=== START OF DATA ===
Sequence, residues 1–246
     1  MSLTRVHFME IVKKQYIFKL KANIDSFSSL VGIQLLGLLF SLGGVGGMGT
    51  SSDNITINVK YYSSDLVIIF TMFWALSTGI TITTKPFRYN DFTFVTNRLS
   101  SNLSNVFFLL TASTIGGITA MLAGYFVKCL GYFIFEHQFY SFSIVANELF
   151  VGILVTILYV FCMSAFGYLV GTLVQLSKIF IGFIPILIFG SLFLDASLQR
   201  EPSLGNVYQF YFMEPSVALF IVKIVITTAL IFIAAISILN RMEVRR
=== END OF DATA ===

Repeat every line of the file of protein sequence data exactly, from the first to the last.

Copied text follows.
Sequence, residues 1–246
     1  MSLTRVHFME IVKKQYIFKL KANIDSFSSL VGIQLLGLLF SLGGVGGMGT
    51  SSDNITINVK YYSSDLVIIF TMFWALSTGI TITTKPFRYN DFTFVTNRLS
   101  SNLSNVFFLL TASTIGGITA MLAGYFVKCL GYFIFEHQFY SFSIVANELF
   151  VGILVTILYV FCMSAFGYLV GTLVQLSKIF IGFIPILIFG SLFLDASLQR
   201  EPSLGNVYQF YFMEPSVALF IVKIVITTAL IFIAAISILN RMEVRR